California’s state regulatory commission safety unit last Friday refunded to Pacific Gas and Electric Co. (PG&E) a $375,000 fine paid earlier in the year for decades-long shortcomings in the utility’s natural gas transmission pipeline safety programs.
Critics of the utility and regulators immediately raised concerns about the refund’s impact on a pending proposed $2.25 billion penalty for PG&E’s failures leading to the 2010 San Bruno pipeline rupture and explosion (see Daily GPI, May 7).
Based on a 2012 audit, the Safety and Enforcement Division (SED) at the California Public Utilities Commission (CPUC) concluded that PG&E lacked the right procedure internally to monitor for problems on its 6,000-mile transmission pipeline system. Thus, SED issued the citation and fine that the San Francisco-based combination utility paid.
Last Friday, the CPUC safety unit withdrew the citation and returned the payment to PG&E, prompting advocates for the multi-billion-dollar fine that is now being considered to raise red flags. Elected officials and consumer groups said the citation and smaller fine, even though now rescinded, may give the utility more support for its argument that the proposed $2.25 billion penalty is, in fact, “excessive” (see Daily GPI, May 29).
A date has not been set for the five-member CPUC to decide on the proposed penalty. The agenda for the commission’s first meeting Jan. 16 will be released Jan. 6, according to a CPUC staff spokesperson.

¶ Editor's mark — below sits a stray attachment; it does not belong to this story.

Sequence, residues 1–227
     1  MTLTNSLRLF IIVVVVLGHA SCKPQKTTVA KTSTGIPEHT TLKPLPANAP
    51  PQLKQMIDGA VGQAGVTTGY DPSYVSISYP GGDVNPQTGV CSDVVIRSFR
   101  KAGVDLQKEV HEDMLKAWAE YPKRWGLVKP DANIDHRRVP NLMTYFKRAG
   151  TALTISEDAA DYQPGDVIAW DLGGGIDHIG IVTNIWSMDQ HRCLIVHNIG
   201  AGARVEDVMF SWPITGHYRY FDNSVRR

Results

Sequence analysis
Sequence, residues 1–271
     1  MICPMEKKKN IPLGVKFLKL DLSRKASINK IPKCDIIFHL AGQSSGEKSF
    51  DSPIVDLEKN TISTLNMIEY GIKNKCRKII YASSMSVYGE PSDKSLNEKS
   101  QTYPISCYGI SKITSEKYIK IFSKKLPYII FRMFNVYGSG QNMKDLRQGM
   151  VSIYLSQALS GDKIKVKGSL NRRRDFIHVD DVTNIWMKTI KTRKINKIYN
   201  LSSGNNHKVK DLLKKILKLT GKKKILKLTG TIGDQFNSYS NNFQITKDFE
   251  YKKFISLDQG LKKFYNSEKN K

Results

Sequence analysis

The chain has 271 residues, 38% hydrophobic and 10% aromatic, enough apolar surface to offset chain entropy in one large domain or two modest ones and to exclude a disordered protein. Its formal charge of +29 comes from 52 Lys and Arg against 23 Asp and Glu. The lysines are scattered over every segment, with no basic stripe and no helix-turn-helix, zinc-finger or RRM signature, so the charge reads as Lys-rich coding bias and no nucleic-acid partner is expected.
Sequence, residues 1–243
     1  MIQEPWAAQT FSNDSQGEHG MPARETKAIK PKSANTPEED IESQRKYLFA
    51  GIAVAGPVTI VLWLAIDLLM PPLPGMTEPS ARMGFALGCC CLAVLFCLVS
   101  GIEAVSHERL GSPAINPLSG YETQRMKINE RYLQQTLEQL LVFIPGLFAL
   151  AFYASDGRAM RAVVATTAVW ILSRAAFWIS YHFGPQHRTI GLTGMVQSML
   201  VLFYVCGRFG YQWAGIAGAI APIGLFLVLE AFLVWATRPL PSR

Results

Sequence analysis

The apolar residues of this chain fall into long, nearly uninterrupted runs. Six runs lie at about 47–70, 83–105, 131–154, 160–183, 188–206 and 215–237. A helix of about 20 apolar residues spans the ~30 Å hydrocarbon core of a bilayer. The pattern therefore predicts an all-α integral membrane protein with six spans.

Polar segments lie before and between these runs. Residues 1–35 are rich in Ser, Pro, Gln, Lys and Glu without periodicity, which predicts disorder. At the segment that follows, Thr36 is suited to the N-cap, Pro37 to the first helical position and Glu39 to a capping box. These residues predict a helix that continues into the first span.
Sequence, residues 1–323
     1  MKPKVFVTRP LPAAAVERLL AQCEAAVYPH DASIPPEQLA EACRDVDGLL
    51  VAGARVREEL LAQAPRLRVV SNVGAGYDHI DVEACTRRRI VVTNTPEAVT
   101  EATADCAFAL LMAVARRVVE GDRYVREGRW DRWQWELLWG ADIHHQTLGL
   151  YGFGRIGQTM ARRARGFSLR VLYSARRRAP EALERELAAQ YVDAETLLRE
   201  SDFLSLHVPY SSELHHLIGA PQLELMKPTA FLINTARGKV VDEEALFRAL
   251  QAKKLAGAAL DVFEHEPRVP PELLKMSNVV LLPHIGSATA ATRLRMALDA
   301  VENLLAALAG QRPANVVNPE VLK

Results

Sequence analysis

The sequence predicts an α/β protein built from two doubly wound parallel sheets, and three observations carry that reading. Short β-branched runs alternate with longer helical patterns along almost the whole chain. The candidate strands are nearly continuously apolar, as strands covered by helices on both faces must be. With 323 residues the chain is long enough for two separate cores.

State Sen. Jerry Hill, whose district includes San Bruno, the site of the September 2010 pipeline explosion, said the CPUC’s refund is another example of the regulatory commission’s “ineptitude.” Hill has been an unrelenting critic of both PG&E and the CPUC during the past three years since the explosion.
Hill questioned how the SED staff could consider the $375,000 fine adequate for “41 years of violations” in the way it monitored its pipeline system.
San Bruno City Manager Connie Jackson told local news media the city is now concerned that given the refund, PG&E will try to avoid the much bigger proposed penalties. She pointed out that the utility immediately paid the fine and stipulated to “some sort of the endorsement” that it is now contending amounts to a “settlement” on safety concerns.
Reportedly, the CPUC legal division attorneys involved in the pipeline case were unaware of the SED penalty until it was issued. The concern is this may create a form of “regulatory double jeopardy.”
A lawyer for consumer group The Utility Reform Network (TURN) told local news media the latest episode smacks of “backroom dealing” that could derail the ongoing state regulatory efforts to enforce new, stiffer pipeline safety laws.
Neither the CPUC attorney in charge of the penalty proceedings nor PG&E would comment on the refund.
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